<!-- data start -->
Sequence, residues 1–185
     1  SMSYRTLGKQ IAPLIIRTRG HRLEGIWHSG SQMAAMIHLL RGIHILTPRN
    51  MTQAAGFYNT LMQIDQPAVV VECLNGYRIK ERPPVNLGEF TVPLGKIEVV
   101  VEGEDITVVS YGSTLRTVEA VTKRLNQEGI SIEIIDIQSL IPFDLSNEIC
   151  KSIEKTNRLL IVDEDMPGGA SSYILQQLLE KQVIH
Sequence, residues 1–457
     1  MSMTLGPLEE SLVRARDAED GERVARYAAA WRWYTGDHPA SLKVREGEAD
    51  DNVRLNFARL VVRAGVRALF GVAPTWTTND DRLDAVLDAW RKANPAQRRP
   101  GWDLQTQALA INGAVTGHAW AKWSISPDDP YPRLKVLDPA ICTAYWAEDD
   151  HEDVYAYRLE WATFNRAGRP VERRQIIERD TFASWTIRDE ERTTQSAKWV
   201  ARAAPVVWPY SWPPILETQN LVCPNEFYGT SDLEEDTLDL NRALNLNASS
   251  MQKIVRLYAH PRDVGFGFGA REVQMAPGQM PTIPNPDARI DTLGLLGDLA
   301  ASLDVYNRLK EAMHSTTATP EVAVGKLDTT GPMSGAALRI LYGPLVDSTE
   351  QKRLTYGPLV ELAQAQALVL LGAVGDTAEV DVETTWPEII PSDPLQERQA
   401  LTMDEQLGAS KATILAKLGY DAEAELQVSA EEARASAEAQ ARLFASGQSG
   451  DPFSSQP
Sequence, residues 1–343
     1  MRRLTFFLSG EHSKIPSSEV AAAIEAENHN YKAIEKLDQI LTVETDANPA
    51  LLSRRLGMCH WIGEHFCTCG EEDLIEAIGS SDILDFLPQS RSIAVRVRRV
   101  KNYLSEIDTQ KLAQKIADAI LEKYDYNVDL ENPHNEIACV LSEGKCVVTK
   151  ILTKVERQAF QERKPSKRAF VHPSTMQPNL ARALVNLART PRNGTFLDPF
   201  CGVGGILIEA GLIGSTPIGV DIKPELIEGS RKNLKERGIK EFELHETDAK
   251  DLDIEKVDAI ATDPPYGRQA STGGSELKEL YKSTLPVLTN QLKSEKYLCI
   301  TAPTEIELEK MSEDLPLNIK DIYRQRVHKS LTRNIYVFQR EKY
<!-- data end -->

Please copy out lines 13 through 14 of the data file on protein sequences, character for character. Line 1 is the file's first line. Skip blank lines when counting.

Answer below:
   301  ASLDVYNRLK EAMHSTTATP EVAVGKLDTT GPMSGAALRI LYGPLVDSTE
   351  QKRLTYGPLV ELAQAQALVL LGAVGDTAEV DVETTWPEII PSDPLQERQA